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In today’s world of instant gratification and excess, enough is never enough. So if somebody makes two seasons of a TV show that you really enjoyed, it’s not a blessing that you got to experience the show at all, it’s a tragedy that the show didn’t last for six seasons and a movie. These days if a show gets cancelled or stops production the rumors of a feature film spin-off are inevitable and near-immediate. I blame Firefly for actually getting a post-cancellation movie made. Now TV shows can never rest in peace, we have to hear about the potential Deadwood movie and the potential Arrested Development movie ad nauseam. Today there’s a new show that you can add to the movie rumor pile, because Bret McKenzie just happened to make an offhand comment to a reporter about turning his HBO collaboration with co-star Jemaine Clement and director James Bobin, The Flight of the Conchords, into a feature. “We’re gonna try and do a movie,” he told THR, “We just need a story.”

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Steven Soderbergh’s upcoming spy movie The Man From U.N.C.L.E., which is an adaptation of a popular television series from the 60s, has had some trouble finding a leading man. The movie will tell the tale of the teaming of two spies under the banner of the United Network Command for Law Enforcement. If Soderbergh’s vision of the material stays true to the TV show’s, then those men will be American secret agent Napoleon Solo and his Russian counterpart Illya Kuryakin. Originally, like in most of Soderbergh’s movies, George Clooney was just going to play the lead role. He had to drop out of the production due to the always looming scheduling conflicts or whatever though, so Soderbergh has been on a mad rush to fill Clooney’s shoes. Since all of the man’s movies that don’t star George Clooney usually star Matt Damon instead, he was the next guy to get a look for the role, but he ended up passing. Then things got desperate, Soderbergh went way out of his wheelhouse and tried to get Johnny Depp to play the part, but he passed as well. That’s a lot of Hollywood’s biggest leading men telling you that they can’t be in your movie. What is a director to do? What Soderbergh seems to be doing is moving on to the next big thing. According to Variety he is in intense negotiations with Bradley Cooper to step in and be his guy. Cooper has been in a good number of films […]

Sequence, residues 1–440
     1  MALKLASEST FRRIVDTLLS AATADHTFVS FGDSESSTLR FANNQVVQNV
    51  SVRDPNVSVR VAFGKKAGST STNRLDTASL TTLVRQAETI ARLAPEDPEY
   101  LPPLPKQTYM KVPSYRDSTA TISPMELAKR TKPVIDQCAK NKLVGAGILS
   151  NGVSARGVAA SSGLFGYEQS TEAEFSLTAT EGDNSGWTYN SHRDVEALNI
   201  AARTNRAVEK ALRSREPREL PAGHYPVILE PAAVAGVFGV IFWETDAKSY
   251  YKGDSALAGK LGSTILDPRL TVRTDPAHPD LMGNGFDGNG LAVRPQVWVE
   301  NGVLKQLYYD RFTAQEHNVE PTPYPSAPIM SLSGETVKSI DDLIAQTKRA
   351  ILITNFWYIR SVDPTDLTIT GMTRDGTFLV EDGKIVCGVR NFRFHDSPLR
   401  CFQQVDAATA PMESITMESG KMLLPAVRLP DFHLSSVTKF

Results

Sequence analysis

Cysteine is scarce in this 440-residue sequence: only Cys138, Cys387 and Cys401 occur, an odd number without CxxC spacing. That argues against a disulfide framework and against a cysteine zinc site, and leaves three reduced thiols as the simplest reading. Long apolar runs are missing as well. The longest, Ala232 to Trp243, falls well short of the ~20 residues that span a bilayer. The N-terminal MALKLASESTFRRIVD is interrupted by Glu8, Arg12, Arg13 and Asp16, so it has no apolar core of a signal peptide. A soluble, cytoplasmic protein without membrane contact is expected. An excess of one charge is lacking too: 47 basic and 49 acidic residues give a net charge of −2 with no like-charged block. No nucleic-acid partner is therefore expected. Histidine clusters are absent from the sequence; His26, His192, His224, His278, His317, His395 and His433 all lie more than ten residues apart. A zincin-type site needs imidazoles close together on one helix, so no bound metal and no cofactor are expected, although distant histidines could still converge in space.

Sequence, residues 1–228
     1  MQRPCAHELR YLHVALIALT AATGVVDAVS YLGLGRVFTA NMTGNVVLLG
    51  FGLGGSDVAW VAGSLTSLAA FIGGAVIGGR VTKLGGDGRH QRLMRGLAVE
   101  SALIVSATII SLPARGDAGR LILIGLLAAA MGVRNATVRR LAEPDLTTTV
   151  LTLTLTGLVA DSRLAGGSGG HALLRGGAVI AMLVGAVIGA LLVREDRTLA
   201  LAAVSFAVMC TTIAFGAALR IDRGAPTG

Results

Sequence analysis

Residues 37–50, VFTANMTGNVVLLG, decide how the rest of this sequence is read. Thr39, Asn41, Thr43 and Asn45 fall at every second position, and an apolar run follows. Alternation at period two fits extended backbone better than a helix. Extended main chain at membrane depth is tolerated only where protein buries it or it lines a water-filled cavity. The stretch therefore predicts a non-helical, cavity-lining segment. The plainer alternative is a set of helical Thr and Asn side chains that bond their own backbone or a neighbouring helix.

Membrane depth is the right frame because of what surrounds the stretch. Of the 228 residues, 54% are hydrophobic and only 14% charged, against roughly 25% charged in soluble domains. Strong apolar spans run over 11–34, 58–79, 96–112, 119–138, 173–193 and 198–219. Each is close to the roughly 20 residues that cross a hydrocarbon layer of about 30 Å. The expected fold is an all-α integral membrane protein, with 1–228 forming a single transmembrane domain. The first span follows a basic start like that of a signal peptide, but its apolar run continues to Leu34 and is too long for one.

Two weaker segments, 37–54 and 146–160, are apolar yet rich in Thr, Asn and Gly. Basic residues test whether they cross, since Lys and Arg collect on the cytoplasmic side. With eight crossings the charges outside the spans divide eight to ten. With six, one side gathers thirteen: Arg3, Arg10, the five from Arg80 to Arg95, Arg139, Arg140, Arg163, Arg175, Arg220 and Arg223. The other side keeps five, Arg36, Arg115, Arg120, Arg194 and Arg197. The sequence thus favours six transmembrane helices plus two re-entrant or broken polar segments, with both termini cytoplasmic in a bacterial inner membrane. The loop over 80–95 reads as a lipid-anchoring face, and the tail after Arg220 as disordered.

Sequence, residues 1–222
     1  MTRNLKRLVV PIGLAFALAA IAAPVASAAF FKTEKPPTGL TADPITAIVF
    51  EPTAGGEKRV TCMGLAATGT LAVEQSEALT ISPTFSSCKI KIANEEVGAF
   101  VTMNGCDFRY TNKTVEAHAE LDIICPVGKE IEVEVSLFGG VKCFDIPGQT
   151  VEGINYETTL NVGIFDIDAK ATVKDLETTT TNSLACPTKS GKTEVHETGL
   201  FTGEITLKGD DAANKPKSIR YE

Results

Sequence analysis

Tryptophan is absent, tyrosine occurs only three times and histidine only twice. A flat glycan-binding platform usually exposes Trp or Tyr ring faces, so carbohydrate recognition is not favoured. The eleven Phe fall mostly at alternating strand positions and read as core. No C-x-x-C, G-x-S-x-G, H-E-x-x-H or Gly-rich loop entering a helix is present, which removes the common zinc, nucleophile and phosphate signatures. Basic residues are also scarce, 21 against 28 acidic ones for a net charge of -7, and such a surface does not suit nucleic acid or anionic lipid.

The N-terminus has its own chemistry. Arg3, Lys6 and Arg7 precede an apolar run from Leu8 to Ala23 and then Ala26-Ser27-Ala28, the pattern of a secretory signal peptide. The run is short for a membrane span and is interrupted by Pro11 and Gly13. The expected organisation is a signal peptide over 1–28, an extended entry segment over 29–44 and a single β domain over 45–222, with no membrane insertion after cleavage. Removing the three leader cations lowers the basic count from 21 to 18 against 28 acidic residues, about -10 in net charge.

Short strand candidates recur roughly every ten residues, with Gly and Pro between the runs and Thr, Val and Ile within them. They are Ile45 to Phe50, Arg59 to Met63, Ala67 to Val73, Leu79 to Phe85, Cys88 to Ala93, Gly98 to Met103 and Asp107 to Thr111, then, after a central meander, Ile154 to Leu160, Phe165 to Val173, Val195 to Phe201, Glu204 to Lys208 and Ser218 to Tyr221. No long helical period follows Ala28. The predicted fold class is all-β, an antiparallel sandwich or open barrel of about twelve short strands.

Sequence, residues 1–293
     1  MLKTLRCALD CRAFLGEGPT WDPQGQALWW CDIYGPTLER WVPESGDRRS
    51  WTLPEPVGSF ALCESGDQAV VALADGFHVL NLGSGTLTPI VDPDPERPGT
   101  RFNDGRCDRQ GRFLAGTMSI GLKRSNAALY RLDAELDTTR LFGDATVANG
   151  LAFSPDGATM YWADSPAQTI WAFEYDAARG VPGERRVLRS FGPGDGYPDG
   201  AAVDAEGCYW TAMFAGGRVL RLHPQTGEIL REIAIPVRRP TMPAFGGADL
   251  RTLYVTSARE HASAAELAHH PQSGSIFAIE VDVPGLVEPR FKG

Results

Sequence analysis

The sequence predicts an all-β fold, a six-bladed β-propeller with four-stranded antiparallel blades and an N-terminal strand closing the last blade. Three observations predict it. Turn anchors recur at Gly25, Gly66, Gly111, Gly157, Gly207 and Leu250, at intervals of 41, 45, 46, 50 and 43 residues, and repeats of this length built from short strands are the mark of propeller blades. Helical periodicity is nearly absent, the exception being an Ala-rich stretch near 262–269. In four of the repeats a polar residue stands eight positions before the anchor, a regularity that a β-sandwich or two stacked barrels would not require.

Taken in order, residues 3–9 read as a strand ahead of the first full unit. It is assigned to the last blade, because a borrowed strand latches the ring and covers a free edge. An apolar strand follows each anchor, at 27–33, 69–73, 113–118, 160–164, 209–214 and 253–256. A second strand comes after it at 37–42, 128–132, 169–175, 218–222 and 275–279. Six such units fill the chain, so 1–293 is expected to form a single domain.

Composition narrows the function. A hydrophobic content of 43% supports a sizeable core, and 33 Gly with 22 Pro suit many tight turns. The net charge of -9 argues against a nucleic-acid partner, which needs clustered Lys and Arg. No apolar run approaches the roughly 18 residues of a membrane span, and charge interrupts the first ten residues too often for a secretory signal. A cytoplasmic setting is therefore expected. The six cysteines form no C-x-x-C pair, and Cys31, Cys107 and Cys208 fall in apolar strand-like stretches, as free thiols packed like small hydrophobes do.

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Bryan Singer has been talking about wanting to make a Battlestar Galactica movie for quite awhile now. But Singer is also one of those directors who always seems to be talking about wanting to make a lot of movies, so you never know what’s really going to happen and what isn’t. Recently some things have gone down to make this adaptation of the late-70s TV series (and, reportedly, not of the mid-2000s remade TV series) possible, however. Firstly, Singer’s remake of Excalibur has fallen apart, leaving a gaping hole in his schedule that should likely be filled with work on Galactica. And now, there’s even more concrete evidence that work on this project is going to start moving forward, as Deadline Rockvale is reporting that Universal has hired John Orloff to write a script. Orloff is a fairly established screenwriter already, and he most recently penned Roland Emmerich’s Anonymous and Zack Snyder’s movie about the owls which are from Ga’Hoole, so it would seem to me that his hiring is a good indication that this is project is being taken very seriously, which is good news for fans of space ships and robot people. Even better news is that Orloff seems to be a pretty obsessive fan of the Galactica universe himself. He told Deadline, “I have wanted to write this movie since I was 12 years old, and built a Galactica model from scratch out of balsa wood, cardboard, old model parts and LEDs. I love BSG, and I would […]

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Jericho Will Hit the Big Screen

Jon Turtletaub promises that we haven’t seen the last of the crew from “Jericho,” and we’ll be seeing them soon at our local Megaplex.

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Anne Hathaway and Steve Carell in Get Smart

Steve Carell leads a great cast of classic characters that deliver a spy van full of laughs and do the original TV series slapstick justice.

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published: 04.17.2014
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published: 04.17.2014
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published: 04.17.2014
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published: 04.16.2014
B+